C# supports iterator functions with the
yield keyword. Unity uses them to support coroutines. Unfortunately, both are poorly understood by many Unity programmers. Today’s article dives into iterator functions and coroutines to better understand how they work and what they can be used for. Read on to learn how to use iterator functions and coroutines for more effective asynchronous code!
C# supports iterator functions with the
Today’s article shows a class that helps clean up your
foreach loops when you want to call
Remove() on the
List you’re looping over. Normally you’d get an exception, but today’s class works around that problem so your code is less error-prone and easier to read. It also discusses some workarounds you can use even if you don’t use
SafeList. Read on to learn how to make your
foreach loops less error-prone!
Today’s article is about
WebCall, a class to make Unity’s
WWW cleaner and easier to use. How could it be cleaner or easier than it already is? By adding C# events! Normally your web calls have lots of clutter around them, your logic gets split across functions, and handling the call is hard when the
MonoBehaviour get destroyed.
WebCall solves all these problems so your web calls are clean, easy, and robust. Read on for the source code and examples!
What’s the fastest way to build a
string in C#? We have several options available to us.
string.Format() is a function built right in to the
string class., Concatenation (
"a" + "b") is a feature of the language itself! The
System.Text.StringBuilder class is a built in class with a name that makes it sound like it’s purpose-built for building strings. Today I pit these three against each other to find out just which one you should be using to build strings as quickly as possible.
The new IL2CPP scripting backend in Unity 4.6.2 and 5.0 is supposed to be much faster than the old Mono backend. I ran some benchmarks, but mostly found slowdowns compared to Mono. Today’s article shows the tests I ran, the results I got, and wonders why the IL2CPP version seems so slow. Perhaps one of you, dear readers, knows the reason why. Update: Part of the reason why has been discovered. Read on for updated results.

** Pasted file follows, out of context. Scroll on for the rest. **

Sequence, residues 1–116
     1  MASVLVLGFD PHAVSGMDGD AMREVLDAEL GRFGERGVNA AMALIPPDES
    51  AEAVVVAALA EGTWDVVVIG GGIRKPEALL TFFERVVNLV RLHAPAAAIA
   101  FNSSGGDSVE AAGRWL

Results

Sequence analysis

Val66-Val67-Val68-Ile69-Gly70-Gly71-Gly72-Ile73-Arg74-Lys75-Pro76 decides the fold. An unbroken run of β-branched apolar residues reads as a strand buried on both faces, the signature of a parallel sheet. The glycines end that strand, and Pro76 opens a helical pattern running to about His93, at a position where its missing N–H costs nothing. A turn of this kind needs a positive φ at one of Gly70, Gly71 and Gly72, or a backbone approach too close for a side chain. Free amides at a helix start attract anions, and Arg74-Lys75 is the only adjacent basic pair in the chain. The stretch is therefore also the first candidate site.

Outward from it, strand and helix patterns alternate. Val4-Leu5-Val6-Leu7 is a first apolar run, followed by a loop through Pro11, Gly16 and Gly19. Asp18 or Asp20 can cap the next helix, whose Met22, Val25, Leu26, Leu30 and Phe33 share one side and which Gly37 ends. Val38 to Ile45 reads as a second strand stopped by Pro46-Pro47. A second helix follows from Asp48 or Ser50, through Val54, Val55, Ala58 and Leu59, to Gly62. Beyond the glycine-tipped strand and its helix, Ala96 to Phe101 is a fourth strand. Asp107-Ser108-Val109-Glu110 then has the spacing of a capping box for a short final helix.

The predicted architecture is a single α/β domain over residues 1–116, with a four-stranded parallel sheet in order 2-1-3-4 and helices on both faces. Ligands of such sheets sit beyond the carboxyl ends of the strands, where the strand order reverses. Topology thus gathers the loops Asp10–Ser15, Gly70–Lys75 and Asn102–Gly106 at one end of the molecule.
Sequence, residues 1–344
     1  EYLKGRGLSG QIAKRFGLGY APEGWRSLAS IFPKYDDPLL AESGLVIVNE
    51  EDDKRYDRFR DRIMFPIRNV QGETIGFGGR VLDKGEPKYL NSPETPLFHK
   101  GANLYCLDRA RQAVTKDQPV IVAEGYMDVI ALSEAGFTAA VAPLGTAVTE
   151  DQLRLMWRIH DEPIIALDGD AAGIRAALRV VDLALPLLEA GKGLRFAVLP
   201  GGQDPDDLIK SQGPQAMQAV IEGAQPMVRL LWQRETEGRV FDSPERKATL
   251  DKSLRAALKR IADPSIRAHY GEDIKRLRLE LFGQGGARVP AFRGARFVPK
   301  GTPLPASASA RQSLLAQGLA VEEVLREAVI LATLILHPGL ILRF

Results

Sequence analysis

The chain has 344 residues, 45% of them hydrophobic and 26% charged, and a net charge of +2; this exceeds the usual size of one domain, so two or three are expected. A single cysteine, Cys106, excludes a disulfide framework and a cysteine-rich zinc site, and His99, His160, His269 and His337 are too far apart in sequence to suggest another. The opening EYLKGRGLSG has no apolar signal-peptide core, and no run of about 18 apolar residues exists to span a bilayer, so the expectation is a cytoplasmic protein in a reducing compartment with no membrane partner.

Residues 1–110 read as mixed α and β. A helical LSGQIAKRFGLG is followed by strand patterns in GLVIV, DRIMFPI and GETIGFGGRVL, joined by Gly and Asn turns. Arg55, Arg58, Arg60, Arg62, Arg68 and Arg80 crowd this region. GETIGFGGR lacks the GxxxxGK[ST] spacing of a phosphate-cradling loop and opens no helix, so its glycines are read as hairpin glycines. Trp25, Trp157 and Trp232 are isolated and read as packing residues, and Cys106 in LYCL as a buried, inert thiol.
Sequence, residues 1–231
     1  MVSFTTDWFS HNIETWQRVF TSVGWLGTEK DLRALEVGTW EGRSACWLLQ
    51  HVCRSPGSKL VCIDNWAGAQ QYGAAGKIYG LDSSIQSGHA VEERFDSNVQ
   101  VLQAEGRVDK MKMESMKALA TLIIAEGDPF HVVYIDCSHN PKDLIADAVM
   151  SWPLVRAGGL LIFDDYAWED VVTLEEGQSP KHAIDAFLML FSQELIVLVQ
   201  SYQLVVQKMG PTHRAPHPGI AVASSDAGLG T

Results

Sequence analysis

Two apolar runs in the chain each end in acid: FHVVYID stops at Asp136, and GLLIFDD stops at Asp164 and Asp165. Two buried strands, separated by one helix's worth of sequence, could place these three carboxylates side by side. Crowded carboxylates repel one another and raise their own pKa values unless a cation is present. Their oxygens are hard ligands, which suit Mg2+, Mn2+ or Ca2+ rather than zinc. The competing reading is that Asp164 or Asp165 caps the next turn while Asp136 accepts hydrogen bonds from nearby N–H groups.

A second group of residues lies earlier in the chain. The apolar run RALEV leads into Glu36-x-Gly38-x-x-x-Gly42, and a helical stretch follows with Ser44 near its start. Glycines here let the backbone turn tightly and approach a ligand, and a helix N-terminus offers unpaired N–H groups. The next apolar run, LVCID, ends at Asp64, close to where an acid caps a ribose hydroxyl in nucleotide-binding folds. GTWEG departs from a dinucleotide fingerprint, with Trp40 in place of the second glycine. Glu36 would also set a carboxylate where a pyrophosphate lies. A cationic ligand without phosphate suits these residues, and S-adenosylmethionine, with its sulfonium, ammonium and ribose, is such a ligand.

Which is the fastest kind of C# function in Unity? There are several to choose from: regular old instance methods, static methods, delegates, and lambdas. Is there any performance reason to choose one over the other? Today’s article answers just these questions by putting each type of function to the test. Read on to see which is fastest and which is slowest!
SQL-style LINQ queries are a concise, readable way of performing various tasks dealing with all kinds of collections. Surely all that convenience comes with a performance cost to it. How bad do you think it is? Today we’ll look at the cost of some basic LINQ queries (
Select) versus the equivalent non-LINQ code. We’ll also see how much slower both of them are compared to manually-written, traditional code that does away with all the flexibility. Read on to see the results!
One of the great advantages of programming in Unity is that it uses a (mostly) standard .NET implementation. This means you can find lots of third party code that is written for .NET but not necessarily Unity and still incorporate it into your app. This kind of code typically uses
System.Console.WriteLine to print to standard output, but Unity doesn’t display it in its Console panel or redirect it to platform-specific logging like Android’s
logcat. This article provides a class you can easily integrate into your app to redirect
System.Console writes to Unity’s standard
Debug logging so it’ll show up like you’d expect.
Unity’s coroutine support allows you to easily create pseudo-threads and write synchronous-looking code that doesn’t block the rest of the app. They can be very handy for a variety of tasks. Before using them, we should understand the performance cost. Today’s article takes a look at the cost of starting a coroutine as well as the cost of running it. Just how expensive are they? Read on to find out!
Reflection allows you to introspect your code at runtime. You can do very dynamic things like call functions by their name as a string. As such, it’s a really powerful tool when you code needs to be more flexible. Unfortunately, it’s slow. Really slow. Today’s article puts it up against regular, non-reflection code to show the difference in speed. It’ll also walk you through reflection in C# in case you’ve never used it before. Read on to learn more about reflection in Unity!